Recent COVID-19 vaccination and previous infections independently lowered the odds of Omicron variant transmission from infected California prison inmates to their cellmates, but the risk remained high, suggests a study published earlier this week in Nature Medicine.
University of California at San Francisco (UCSF) researchers led the study of 111,687 inmates in 35 prisons populated mostly by men (97%) from Dec 15, 2021, to May 20, 2022. The California Department of Corrections and Rehabilitation supplied the data.
Despite 81% uptake of the primary COVID-19 vaccine series, breakthrough infections were common. The rate of severe disease was low, however; of the 22,334 inmates tested positive, 31 were hospitalized, and none died.
Unvaccinated, infected inmates had an estimated 36% risk of spreading the virus, compared with 28% among infected vaccinees. After adjustment, any vaccination, previous infection alone, and both vaccination and previous infection cut the risk of SARS-CoV-2 transmission by 22%, 23%, and 40%, respectively.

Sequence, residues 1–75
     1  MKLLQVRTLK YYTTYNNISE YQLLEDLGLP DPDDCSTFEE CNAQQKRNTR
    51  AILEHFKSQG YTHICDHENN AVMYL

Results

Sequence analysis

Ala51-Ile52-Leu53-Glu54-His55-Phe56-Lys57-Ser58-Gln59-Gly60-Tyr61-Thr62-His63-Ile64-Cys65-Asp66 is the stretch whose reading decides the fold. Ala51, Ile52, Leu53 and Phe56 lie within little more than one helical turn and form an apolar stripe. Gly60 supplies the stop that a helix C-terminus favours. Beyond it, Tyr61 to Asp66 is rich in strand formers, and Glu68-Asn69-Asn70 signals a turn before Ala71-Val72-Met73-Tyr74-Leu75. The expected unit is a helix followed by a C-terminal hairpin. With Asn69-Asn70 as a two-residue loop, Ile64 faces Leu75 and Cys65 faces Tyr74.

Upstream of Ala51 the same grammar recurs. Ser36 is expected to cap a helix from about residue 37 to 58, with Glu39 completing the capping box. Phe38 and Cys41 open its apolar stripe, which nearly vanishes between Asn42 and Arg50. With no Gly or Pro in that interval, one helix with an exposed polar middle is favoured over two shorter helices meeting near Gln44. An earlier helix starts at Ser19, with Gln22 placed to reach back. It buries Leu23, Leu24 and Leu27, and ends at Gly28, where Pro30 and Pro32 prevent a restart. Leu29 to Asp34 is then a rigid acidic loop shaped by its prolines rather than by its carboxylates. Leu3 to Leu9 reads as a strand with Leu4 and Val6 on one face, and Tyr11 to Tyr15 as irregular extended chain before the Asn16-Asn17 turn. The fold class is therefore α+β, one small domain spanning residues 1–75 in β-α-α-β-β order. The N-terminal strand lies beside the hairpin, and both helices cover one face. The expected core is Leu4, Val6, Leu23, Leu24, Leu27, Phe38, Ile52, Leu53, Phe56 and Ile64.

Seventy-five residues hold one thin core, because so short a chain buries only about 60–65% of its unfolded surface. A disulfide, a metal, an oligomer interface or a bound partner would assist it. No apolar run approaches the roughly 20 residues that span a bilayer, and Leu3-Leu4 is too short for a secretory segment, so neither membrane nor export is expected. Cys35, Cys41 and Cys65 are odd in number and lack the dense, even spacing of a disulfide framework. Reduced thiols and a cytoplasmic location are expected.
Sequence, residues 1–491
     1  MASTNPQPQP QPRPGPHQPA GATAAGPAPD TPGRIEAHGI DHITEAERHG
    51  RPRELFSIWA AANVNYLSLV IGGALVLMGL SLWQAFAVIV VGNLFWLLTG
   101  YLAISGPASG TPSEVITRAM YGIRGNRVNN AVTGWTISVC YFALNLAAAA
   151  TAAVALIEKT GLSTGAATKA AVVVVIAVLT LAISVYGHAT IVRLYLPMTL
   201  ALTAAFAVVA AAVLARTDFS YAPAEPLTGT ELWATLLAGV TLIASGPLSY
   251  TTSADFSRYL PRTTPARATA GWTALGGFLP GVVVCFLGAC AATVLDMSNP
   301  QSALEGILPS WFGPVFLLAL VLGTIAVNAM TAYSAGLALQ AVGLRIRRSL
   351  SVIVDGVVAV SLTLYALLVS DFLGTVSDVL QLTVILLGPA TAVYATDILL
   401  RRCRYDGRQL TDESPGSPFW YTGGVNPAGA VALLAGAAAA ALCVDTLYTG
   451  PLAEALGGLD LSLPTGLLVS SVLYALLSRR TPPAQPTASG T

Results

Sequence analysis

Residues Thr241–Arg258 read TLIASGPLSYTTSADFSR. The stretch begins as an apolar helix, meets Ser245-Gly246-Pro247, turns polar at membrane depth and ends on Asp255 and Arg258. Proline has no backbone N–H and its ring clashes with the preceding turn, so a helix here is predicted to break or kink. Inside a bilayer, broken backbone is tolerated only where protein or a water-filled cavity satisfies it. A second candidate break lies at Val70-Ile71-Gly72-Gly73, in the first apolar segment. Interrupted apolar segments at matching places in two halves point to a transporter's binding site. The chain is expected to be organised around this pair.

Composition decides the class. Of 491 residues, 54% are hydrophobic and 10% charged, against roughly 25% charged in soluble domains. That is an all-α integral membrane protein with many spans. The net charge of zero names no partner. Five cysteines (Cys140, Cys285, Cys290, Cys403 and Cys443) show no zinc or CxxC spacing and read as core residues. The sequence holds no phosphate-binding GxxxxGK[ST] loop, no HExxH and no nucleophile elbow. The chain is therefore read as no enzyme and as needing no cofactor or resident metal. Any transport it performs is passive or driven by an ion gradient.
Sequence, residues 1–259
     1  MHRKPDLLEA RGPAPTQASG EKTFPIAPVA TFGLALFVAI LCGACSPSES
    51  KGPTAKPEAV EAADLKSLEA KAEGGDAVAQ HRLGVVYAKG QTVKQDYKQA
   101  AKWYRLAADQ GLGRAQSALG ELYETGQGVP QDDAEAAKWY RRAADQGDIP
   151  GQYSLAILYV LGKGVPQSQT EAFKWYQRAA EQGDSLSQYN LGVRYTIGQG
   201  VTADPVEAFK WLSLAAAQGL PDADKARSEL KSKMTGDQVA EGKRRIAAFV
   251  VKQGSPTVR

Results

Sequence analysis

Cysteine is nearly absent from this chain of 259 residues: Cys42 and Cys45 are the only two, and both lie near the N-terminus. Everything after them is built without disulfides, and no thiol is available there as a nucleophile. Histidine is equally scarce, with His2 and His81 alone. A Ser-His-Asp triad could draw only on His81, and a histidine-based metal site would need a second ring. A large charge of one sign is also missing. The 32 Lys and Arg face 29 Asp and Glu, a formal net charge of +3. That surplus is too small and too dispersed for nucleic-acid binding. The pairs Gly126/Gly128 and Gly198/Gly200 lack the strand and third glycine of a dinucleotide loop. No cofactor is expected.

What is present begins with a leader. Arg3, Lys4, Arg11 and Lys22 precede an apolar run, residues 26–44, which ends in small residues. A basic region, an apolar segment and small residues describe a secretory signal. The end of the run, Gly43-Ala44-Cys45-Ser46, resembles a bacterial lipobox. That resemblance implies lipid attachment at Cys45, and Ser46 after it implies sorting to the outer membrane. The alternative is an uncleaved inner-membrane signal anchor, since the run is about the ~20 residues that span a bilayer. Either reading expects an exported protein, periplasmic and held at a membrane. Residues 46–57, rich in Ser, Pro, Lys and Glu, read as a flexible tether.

Booster doses and more recent vaccination further lowered infectiousness among vaccinated inmates, with each dose conferring an 11% risk reduction; the risk of transmission rose 6% for every 5 weeks that had elapsed since the last shot.
Vaccinating more inmates, staff
"A lot of the benefits of vaccines to reduce infectiousness were from people who had received boosters and people who had been recently vaccinated," senior author Nathan Lo, MD, PhD, said in a UCSF news release. "Our findings are particularly relevant to improving health for the incarcerated population."
A lot of the benefits of vaccines to reduce infectiousness were from people who had received boosters and people who had been recently vaccinated.
The researchers urged prisons to keep inmates up to date with boosters, as only 59% of inmates and 41% of staff had done so, and to increase vaccination among staff, as only 73% of them had completed the primary series.
"Within the two months following vaccination, people are the least infectious, which indicates that boosters and large timed vaccination campaigns may have a role to reduce transmission in surges," Lo said. "New ideas are needed, since the risk of infection in this vulnerable population remains so great."